# [r-t] Notating jump changes

Tim Barnes tjbarnes23 at gmail.com
Mon Dec 9 00:46:00 GMT 2019

```Further to my earlier post, the following is the CC Method team's proposal
for notating jump changes in the Methods Library.  We'd be pleased to
receive any feedback, either via this list or at methods at cccbr.org.uk.

As background, there was a discussion on this topic on this list in 2015,
including Don Morrison conducting a survey.  We used this as the starting
point for the Method team's discussions.  See:

and also the first message in:

Our notation proposal is in the draft next version of the Framework at:

https://tjbarnes23.github.io/method_ringing_framework/placenotation.html

In summary, we're proposing two different notations for jump changes that
are used depending on the type of jump change being notated.

The first notation, proposed by Ander Holroyd, comprises a pair of places
in round brackets, e.g. (xy).  This means: the bell in place x jumps to
place y, and all other bells in the place range x to y move one place in
the other direction to accommodate the jump.  So (14) applied to row 1234
results in 2341, and (31) applied to 213 results in 321.

Normal place notation rules apply outside the jump range, i.e. pairs of
bells cross, and leading and/or lying places are inferred if needed.  So
(14) applied to 123456 results in 234165, and (42) applied to 2143657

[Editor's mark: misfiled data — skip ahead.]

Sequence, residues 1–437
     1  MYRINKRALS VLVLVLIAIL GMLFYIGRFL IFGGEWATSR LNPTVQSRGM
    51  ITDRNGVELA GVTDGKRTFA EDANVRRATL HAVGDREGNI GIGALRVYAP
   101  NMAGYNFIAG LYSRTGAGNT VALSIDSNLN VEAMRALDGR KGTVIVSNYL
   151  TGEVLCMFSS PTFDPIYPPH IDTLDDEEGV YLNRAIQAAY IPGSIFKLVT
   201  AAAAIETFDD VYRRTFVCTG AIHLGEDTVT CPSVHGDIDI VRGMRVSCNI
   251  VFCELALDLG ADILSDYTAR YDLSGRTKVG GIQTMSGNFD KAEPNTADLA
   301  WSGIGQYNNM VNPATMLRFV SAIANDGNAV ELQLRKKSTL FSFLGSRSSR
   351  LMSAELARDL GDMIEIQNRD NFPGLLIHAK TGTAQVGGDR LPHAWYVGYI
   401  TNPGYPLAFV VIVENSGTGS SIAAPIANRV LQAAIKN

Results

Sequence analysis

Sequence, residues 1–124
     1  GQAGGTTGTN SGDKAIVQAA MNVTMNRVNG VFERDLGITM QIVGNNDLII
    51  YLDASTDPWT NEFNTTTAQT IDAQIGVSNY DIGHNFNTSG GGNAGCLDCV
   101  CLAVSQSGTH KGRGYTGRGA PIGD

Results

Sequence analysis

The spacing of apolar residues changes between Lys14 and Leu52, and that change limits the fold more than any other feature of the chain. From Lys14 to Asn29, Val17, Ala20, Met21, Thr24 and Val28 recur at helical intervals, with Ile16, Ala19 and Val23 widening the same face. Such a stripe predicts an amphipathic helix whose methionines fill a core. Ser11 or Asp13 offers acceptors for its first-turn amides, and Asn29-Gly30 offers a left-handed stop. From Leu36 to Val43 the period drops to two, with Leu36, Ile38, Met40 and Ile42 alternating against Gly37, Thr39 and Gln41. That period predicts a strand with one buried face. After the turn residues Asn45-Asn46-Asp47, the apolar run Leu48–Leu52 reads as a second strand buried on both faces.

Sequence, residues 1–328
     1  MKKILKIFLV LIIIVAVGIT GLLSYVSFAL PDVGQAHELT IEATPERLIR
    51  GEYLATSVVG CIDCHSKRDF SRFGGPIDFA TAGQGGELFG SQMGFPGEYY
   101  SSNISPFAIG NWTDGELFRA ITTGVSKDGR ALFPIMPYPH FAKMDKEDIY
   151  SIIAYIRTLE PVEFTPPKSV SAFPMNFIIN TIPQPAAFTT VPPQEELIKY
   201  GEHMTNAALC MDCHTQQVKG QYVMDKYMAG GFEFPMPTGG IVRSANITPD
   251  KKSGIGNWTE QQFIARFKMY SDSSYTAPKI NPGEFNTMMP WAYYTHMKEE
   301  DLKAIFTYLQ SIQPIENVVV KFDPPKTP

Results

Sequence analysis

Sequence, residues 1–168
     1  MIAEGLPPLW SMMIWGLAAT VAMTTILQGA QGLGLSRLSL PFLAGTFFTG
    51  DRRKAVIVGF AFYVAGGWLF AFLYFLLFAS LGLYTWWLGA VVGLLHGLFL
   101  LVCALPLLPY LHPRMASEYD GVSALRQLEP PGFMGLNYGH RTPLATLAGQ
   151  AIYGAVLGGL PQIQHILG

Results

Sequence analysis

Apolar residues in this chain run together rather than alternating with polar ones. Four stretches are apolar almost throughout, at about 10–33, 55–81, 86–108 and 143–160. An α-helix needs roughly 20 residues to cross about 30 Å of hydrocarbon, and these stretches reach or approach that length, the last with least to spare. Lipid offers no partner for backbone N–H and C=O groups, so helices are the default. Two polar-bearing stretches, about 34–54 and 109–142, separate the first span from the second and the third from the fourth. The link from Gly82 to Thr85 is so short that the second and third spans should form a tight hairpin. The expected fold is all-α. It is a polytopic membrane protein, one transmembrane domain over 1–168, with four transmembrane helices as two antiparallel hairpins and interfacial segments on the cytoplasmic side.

results in 2314567.

The second notation uses square brackets to specify how a set of contiguous
places are transposed to produce the next row.  So [5634] applied to
4321567 results in 3456217 (again, normal place notation rules apply
outside the jump range).

The two notations can be combined as needed, and/or combined with regular
places.  E.g. (24)5[876]9(T0) applied to 1234567890ET results in
134258769T0E.

A constraint that we specify is that the range of places in any bracketed
section of a change shouldn't overlap with any other places or place ranges
in the change.  E.g. (48)(7E)(06)(E5) isn't considered a validly-notated
change.

As an aside, Ander did prove, using a bipartite graph, in his June 2015 r-t
post that overlapping round-bracketed pairs do result in an
unambiguously-defined change (if the selected pairs of places are valid).
However, we thought this notation is more complex to interpret than its
square-bracketed equivalent.  E.g. (13)(24)(51) unambiguously defines a
change, but is probably less clear than using [53124].

Another problem with overlapping round-bracketed pairs is that it isn't
always readily apparent whether a change is valid.  E.g. (48)(7E)(06)(E5)
is a valid change, whereas (48)(7E)(96)(E5) is not.

However, non-overlapping round bracket notation is very efficient for large
single-bell jumps (e.g. (1T) in Jump Cyclic Maximus), and in fact, all
known jump methods rung to date (see my earlier post) can be notated just
with round brackets.

As above, the full description of our proposed jump change notation is on
the draft framework website.  Comments welcome.

Regards
Tim
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